Written and directed by William Friedkin. Starring Al Pacino, Paul Sorvino, Karen Allen, Richard Cox, Don Scardino and Joe Spinell. 1980. Rated R. 102 minutes. A Warner Home Video release. $19.98.

NEW AND NOTABLE

ALLIGATOR (Lionsgate Home Entertainment. $14.98): With the single exception of Joe Dante’s classic “Piranha,” this cheerfully cheapo 1980 horror film was the best of all the “Jaws” rip-offs. (Perhaps not coincidentally, both were written by John Sayles, who used his screenwriting fees to help finance “Return of the Secaucus Seven,” his directorial debut.) Using the urban myth involving baby alligators growing to monstrous sizes in city sewers after being flushed down the toilet when they grow too big to serve as pets as a springboard, this little gem finds B-movie stalwart Robert Forster doing battle with just such a creature when it bursts out of the sewer and begins wreaking havoc on the streets of Chicago. In the two highlights, the monster first crashes a pirate-themed birthday party (woe to the tyke forced to walk the plank into the swimming pool) and then hits a mob wedding where it essentially eats a car. Although just having a decent copy would have been enough, the DVD also includes a commentary track from the cast and an interview with Sayles.

ANNE OF THE THOUSAND DAYS/MARY, QUEEN OF SCOTS (Universal Home Entertainment. $19.98): In order to tie in with the publicity surrounding the upcoming “Elizabeth: The Golden Age,” Universal offers up this double-feature of royalty-based cinema–the former is the acclaimed 1969 account of the thousand-day reign of Anne Boleyn (Genevieve Bujold), the second wife of Henry VIII (Richard Burton) whose time as the most powerful woman in England ended with her inability to produce a male heir. The latter is a 1972 film about Mary Stuart (Vanessa Redgrave), who served as Queen of Scotland from when she was six days old until the age of 23, when she was usurped by her cousin (and the Queen of England), Elizabeth Tudor (Glenda Jackson).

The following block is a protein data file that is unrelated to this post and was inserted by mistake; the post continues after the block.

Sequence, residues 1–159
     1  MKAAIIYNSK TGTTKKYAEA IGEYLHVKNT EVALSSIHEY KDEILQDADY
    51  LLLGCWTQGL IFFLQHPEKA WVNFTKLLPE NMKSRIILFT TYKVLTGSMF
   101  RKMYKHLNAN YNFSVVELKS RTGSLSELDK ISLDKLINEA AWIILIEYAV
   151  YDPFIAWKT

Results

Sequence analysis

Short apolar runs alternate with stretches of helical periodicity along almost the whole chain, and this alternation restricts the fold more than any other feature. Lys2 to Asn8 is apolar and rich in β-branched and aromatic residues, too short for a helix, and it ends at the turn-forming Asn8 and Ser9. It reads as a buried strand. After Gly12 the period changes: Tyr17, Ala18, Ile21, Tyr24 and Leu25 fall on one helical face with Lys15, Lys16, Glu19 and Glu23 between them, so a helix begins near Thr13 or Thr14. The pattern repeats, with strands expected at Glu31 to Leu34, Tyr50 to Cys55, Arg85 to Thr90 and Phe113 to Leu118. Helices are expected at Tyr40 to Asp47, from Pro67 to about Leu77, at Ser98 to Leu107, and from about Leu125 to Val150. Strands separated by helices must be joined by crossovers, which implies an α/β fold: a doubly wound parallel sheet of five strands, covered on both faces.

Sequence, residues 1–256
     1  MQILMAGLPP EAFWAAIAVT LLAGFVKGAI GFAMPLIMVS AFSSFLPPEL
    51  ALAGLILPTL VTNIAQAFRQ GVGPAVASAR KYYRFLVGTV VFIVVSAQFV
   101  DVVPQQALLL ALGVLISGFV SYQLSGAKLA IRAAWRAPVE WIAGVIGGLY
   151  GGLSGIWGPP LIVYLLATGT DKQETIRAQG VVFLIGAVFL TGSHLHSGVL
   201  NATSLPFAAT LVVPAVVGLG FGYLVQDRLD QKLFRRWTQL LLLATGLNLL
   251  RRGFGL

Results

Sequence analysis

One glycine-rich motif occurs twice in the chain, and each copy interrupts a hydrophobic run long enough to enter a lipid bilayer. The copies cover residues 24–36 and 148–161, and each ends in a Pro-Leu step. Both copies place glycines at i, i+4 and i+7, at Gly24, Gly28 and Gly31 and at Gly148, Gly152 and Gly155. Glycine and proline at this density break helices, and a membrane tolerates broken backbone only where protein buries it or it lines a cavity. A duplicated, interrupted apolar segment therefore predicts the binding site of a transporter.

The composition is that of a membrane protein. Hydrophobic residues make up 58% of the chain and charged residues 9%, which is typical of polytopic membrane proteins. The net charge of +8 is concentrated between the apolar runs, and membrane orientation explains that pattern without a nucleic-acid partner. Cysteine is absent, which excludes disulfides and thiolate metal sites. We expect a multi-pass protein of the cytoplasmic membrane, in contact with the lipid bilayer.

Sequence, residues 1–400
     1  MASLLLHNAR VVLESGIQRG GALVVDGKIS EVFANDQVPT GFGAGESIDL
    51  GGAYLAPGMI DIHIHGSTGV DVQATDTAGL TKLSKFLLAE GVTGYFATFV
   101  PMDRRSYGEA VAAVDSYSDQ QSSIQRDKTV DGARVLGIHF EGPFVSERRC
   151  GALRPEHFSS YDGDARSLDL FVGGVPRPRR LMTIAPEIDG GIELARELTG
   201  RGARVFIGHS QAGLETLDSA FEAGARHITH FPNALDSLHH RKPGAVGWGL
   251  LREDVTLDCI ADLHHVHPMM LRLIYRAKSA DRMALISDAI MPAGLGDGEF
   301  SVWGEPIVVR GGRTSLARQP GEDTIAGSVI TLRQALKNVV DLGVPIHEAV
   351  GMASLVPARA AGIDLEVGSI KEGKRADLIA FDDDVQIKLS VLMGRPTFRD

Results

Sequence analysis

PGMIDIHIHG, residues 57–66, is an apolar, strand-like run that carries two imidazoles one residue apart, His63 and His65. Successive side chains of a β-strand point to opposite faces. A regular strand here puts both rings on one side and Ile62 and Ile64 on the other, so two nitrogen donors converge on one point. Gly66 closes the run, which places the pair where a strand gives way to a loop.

BEYOND THE GATES (Fox Home Entertainment. $27.98): If you sort of liked “Hotel Rwanda” but wished that the makers could have figured out a way to recount the story of the 1994 genocide in a way that would feature more white people, this 2006 drama should be right up you alley–it is pretty much the same thing as that earlier film, except that it features John Hurt and Hugh Dancy as the leads.

BLOODRAYNE 2: DELIVERANCE (Toucan Cove. $26.99): What could be better (or worse) than a brand-new film from Uwe Boll, the auteur of such modern-day camp classics as “House of the Dead,” “Alone in the Dark” and the original “Bloodrayne”? How about an Uwe Boll film that even he has decreed worthy of only a direct-to-video release? In this sequel to his botched adaptation of the sexy vampiric videogame, our half-human/half-bloodsucker heroine (Natassia Malthe, replacing Kristanna Loken) finds herself in the Old West and joins up with Pat Garrett (Michael Pare) to hunt down Billy the Kid (Zack Ward), who, in a bit of information that Sam Peckinpah mysteriously left out of “Pat Garrett & Billy the Kid,” is actually a vampire bent on world domination. I assume that even with such enticements as a commentary from Boll himself and a copy of the original “Bloodrayne 2" PC game, most of the saner readers out there will cheerfully pass up the chance to sit through what sounds like a rehash of the less-than-immortal “Billy the Kid Vs. Dracula”–for the rest of us, however, this could be another must-see messterpiece from Boll and even if it isn’t, it should tide us over until his demented take on “Postal” hits theaters.

THE BOSS OF IT ALL (IFC Films. $24.95): Although such previous films as “Dancer in the Dark,” “Dogville” and “Manderlay” weren’t exactly indicative of a light, fun touch, Danish director Lars Von Trier decided to go the farcical route with this comedy about a dopey actor hired to portray the non-existent owner of a company as part of a scheme by the secret real owner to screw his partners in a business deal.

BOSTON LEGAL–SEASON 3 (Fox Home Entertainment. $59.98): In this latest collection of episodes from David E. Kelly’s overwrought legal drama, James Spader acts snarky, William Shatner chews every available bit of scenery, Candice Bergen delivers the exact same performance that she did for years on “Murphy Brown” and the rest of the cast members valiantly fight against all odds to get some screen time for themselves.

BROTHERS AND SISTERS–THE COMPLETE FIRST SEASON (Touchstone Home Entertainment. $59.99): Fans of this popular ABC soap opera–in which an extended family deals with Republicans, Iraq, infidelity, homosexuality, death and Rob Lowe running for public office, will no doubt be eager to pick up this collection of its first Emmy-winning season for the deleted scenes, audio commmentaries, behind-the-scenes featurettes and even a previously unaired episode that was originally meant to follow the pilot until it was decided that it slowed the story down too much. Alas, the one extra that those fans would probably most like to see–the original pilot for the show that was recast and revamped (with Betty Buckley playing the role that would eventually earn Sally Field an Emmy) after it tested poorly–is nowhere to be found here.